Indigenous leaders welcome diamond mine news, but still have unaddressed concerns

An aerial view of the Star Diamond Project located east of Prince Albert in Fort à la Corne Forest. The photo is from October 2019. -- Star Diamond Corporation/Submitted

Leaders from James Smith First Nations welcomed news that mining giant Rio Tinto plans to acquire a 60 per cent share in a proposed diamond mine east of Prince Albert, however they’re still worried Indigenous concerns aren’t being addressed.

Saskatoon-based Star Diamond Corp. announced the decision on Nov. 15, and while James Smith leaders said that’s good news for future development, it won’t mean anything if their concerns aren’t met.

“At this stage, we have no guarantees, even with the change in controlling interest, that this mine is in our best people’s best interests,” James Smith Cree Nation Chief Wally Burns said in a media release. “We have a sacred duty to protect the Treaties and lands our ancestors bequeathed us and we don’t have that yet.”

“We’re not opposed to development,” Burns added. “But, we will not be satisfied with beads and trinkets.”

James Smith band member and spokesperson Winston McLean said they remain optimistic the two groups can reach an agreement since Rio Tinto has “a very mature, very enlightened approach” to the talks.

“We view the relationship with Rio Tinto as very positive,” McLean said during an interview on Monday. “We’re optimistic that something can be worked out with them, and also with the provincial government. They still have a role to play in this process as well.”

As of last February, Rio Tinto had drilled 10 holes at the project site in Fort à la Corne Forest, with plans to drill 20 more at another site located further south. During an open house in Prince Albert, company representatives were quick to point out the mine was a long ways away from being open.

McLean said that lengthy time line works in their favour, and makes it more likely a deal will actually get done.

“They still have a long ways to go, which means we still have a lot of time to make sure our interests are protected during the exploration phase as well,” he explained.

McLean declined to get into specifics when asked what a future agreement would involve. However, he did say local First Nations have benefitted from Fort à la Corne Forest for centuries. They want to ensure that continues with any new developments.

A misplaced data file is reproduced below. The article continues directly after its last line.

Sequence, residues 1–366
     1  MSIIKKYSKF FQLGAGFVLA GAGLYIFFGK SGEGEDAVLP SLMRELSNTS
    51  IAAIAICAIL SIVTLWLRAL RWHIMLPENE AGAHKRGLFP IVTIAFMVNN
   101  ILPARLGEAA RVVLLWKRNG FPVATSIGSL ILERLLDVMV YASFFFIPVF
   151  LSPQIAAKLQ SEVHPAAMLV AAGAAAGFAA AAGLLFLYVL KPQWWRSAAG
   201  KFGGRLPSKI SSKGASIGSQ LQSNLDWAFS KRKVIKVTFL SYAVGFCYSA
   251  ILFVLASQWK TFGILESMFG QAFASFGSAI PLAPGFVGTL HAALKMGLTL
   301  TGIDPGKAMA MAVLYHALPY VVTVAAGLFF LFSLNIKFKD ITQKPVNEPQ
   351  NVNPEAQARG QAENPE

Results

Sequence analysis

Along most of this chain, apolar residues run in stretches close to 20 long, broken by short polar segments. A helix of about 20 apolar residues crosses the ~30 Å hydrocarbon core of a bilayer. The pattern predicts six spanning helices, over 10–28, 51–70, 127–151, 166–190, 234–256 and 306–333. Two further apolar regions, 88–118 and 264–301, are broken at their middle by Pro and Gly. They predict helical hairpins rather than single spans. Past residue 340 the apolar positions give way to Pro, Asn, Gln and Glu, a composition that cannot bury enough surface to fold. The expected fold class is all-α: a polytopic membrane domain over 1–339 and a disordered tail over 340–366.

“We just want to make sure our interests in the forest are protected and advanced,” he said. “We’ve been using that forest for countless generations. We have some spiritual and cultural interests in that forest. A lot of hunting, fishing and trapping still takes place for our people in that area.”

McLean added that there are no planned meetings between James Smith leaders and Rio Tinto, however they do plan to reach out to the provincial government in the near future.

The proposed Star-Orion Diamond Project covers 9,200 hectares in Fort à la Corne Forest. Star Diamond Corporation expects the mine to last for 38 years, and employ around 700 people once it is operational.

This isn’t the first time James Smith First Nations leaders have expressed concerns about the project. They also objected to an environmental assessment completed by the provincial government in 2018. At the time, Chief Wally Burns said it failed to meaningfully address the community’s environmental and cultural concerns.

“The way things stand, everyone else will get the benefits of a mine while we are left with all the consequences,” Burns said.

Environment Minister Dustin Duncan agued that the provincial government had fulfilled its duty to consult with First Nations by forming a working group that met with James Smith leaders. He also said any harmful environmental effects could be eliminated or minimized.

“It’s not going to satisfy everybody,” Duncan said at the time. “We certainly understand that. Certainly from the proponent’s side, they would have liked this process to have moved quicker, and certainly from some communities, they likely feel like the accommodations don’t go far enough, or that there was enough consultation.”